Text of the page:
How to Repair Glass Aquarium Leaks

Fish Tank

A leaky aquarium is one of the most annoying things an aquarist may experience. It normally begins with a drop or two of water hanging over the tank's bottom edge, which quickly evolves into a drip...drip...drip, at which time you grab a bunch of paper towels and begin sopping up the water while trying to find out where the leak is coming from.

How Aquariums Are Constructed

Understanding how glass aquariums are made will assist you in determining the source of the leak. The structural integrity (what stops it from coming apart) and water tight integrity of a glass aquarium are established when the glass meets the glass. When you look at where the glass panels meet, that minuscule fraction of an inch between them where the silicone resides is where the rubber meets the road. The silicone that is spread out within the tank where the glass panels meet improves water tightness and strength just little. The tank will contain water without leaking if it is built properly and the silicone between the glass panel edges is faultless, with no bubbles or cracks in the silicone.

Find the Leak

Finding the source of the leak might be tricky. It doesn't appear to be where you see the water on the outside of the tank nine times out of ten. You may see the silicone sealant separating or curling up from the glass within the tank if the tank is old, wasn't built properly, or hasn't been cleaned properly over time. If the silicone sealant in the tank has evident damage, it would be an excellent location to start looking for the source of the leak.

Search the Seams

A little jet of water can sometimes be seen blasting out of a silicone gap in the glass. There is a simple approach to determine the source of the leak if there is no evident damage to the silicone behind the water stream. Colored water is poured into a syringe (food coloring or ink works well). Slowly depress the syringe plunger after inserting the syringe needle into the silicone where the water is flowing out. You'll be able to watch the colored water enter the silicone and follow the "tunnel" that the tank water used to return to its source.

Keep in mind that all aquarium leaks originate from within the tank. You might be able to block the leak where it starts by smearing silicone on the outside of the tank where the water is leaking. Also, keep in mind that water can travel a significant distance between the silicone and the glass in the tank seams before it reaches the outside.

Repair Techniques

Unless you prefer to just smear some silicone on the outside of the tank where the leaking water is visible, you will have to empty the water down to below where the leak begins in order to repair it. You may also try to block the leak with a strip of duct tape. We've found that none of these remedies works for very long, if at all. The fundamental reason for resealing the tank from the inside rather than the outside is that the inside patch is pressed into the glass by the water pressure, whereas the outside patch is pushed away from the glass by the water pressure.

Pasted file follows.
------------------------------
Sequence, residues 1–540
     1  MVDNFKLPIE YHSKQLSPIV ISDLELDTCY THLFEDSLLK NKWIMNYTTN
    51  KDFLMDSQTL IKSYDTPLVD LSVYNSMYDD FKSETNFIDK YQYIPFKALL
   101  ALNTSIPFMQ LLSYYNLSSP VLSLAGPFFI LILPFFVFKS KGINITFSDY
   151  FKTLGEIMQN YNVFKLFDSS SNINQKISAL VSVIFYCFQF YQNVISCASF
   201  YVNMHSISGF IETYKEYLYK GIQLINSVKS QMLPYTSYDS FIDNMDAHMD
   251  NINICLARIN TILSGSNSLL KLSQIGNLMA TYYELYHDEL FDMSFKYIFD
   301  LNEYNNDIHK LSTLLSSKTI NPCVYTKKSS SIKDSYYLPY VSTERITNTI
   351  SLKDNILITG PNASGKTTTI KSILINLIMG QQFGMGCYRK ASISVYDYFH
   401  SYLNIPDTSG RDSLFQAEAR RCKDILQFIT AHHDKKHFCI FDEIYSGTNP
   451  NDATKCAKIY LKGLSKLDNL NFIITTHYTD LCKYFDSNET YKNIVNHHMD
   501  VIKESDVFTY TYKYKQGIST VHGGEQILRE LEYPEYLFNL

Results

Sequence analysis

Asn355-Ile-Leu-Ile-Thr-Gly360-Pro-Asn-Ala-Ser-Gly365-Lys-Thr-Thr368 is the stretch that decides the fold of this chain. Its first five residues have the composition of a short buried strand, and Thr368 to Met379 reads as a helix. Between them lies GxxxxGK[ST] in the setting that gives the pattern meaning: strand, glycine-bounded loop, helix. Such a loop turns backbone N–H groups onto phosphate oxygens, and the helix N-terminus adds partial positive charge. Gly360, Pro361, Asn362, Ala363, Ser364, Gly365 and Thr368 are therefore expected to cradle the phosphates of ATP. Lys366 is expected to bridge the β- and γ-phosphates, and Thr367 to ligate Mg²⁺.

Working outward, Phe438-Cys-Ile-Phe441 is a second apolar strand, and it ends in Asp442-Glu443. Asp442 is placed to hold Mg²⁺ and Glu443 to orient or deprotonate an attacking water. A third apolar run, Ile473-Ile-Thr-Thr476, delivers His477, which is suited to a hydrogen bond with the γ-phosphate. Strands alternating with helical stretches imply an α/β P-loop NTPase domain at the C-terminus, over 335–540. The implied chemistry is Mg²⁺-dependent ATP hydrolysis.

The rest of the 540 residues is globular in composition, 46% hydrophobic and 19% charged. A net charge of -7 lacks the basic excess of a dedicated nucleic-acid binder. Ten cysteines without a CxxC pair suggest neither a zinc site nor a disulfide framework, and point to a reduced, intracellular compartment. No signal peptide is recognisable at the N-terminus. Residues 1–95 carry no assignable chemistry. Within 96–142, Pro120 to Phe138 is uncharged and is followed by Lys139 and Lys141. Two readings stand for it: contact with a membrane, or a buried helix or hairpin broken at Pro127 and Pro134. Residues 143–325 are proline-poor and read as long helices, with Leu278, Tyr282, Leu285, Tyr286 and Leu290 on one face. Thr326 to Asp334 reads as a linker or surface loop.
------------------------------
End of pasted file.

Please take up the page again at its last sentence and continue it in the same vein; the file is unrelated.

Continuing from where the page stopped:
Start emptying the tank 1 inch at a time with a siphon hose. Keep an eye on where the water appears on the exterior of the tank and cease draining it when it stops leaking. Keep an eye on the water level in the tank for signs of damage to the silicone, such as loose silicone or other silicone damage. Mark the damage location on the outside of the tank using the felt tip marker. If you've discovered that the leak is coming from the bottom of the tank, empty it completely and discard the substrate. It may seem like a lot of bother to go to, but you'll discover that it's easier in the end than fighting the water and substrate that are polluting the repair site.

At this point, you will probably want to move the fish and other critters in the tank to a temporary tank.

What You'll Need

  • 100% Silicone Sealant without any additives such as mildew control.
  • Acetone for cleaning the glass surface areas and your hands, later.
  • Single Edged Razor Blades preferable in a holding tool.
  • Paper Towels for cleanup and soaking up water.
  • Felt Tip Marker for marking where the leak is appearing.
  • Replacement Water to refill the tank when it is patched.


Scrape Away Old Silicone

To begin the repair, carefully cut the silicone 1" around the source of the leak using the single edge razor blade. Scrape off all of the silicone from the glass, being careful not to let the blade slide between the panes. Allow to dry after cleaning the scraped area with an acetone-soaked paper towel.

Apply New Silicone

When the repair location is completely dry, reopen the silicone tube and apply the silicone to the area, covering the old silicone on both sides of the leak. With a piece of paper (a business card works well) or a flexible piece of plastic, smooth the silicone down and out. Don't just throw silicone on the task because you assume a lot of it will suffice. It not only looks bad, but it also doesn't produce a decent seal.

Let Dry and Refill

Allow the to cure for 24 hours after putting and smoothing it into position, then refill the tank with freshwater (no point wasting if the patch doesn't work) and check for leaks. Allow the tank to sit for 24 hours to ensure that it isn't leaking again, then empty and reassemble it as if it were a new tank.

If your repair didn't work you may have to strip the tank and Major Aquarium Repair.